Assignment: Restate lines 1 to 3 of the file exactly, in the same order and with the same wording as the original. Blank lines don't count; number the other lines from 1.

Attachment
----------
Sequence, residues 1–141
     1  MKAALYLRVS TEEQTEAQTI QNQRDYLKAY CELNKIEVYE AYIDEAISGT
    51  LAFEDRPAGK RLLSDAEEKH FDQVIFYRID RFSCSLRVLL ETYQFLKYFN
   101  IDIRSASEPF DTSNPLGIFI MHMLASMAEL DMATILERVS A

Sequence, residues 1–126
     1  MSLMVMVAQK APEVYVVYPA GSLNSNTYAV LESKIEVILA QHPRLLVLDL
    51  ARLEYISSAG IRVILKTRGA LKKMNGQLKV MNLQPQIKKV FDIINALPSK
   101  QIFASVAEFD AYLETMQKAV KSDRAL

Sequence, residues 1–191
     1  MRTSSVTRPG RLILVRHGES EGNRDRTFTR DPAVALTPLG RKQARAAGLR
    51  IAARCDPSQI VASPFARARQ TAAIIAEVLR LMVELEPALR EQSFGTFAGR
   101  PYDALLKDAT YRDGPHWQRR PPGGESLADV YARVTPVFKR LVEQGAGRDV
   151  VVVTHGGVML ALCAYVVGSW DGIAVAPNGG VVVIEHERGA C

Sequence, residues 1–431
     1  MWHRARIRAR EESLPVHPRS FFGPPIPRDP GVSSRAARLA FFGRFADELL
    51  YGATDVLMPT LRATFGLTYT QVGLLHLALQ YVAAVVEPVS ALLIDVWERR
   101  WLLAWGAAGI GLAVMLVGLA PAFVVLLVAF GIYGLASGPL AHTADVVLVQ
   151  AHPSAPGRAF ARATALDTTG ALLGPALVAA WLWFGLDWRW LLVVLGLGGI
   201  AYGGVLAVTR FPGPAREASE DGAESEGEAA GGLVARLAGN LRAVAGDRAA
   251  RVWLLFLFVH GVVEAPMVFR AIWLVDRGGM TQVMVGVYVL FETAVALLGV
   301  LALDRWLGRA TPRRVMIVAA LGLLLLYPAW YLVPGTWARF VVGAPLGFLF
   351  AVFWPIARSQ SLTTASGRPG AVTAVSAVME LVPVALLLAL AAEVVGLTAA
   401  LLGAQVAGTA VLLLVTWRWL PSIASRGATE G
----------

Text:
Sequence, residues 1–141
     1  MKAALYLRVS TEEQTEAQTI QNQRDYLKAY CELNKIEVYE AYIDEAISGT
    51  LAFEDRPAGK RLLSDAEEKH FDQVIFYRID RFSCSLRVLL ETYQFLKYFN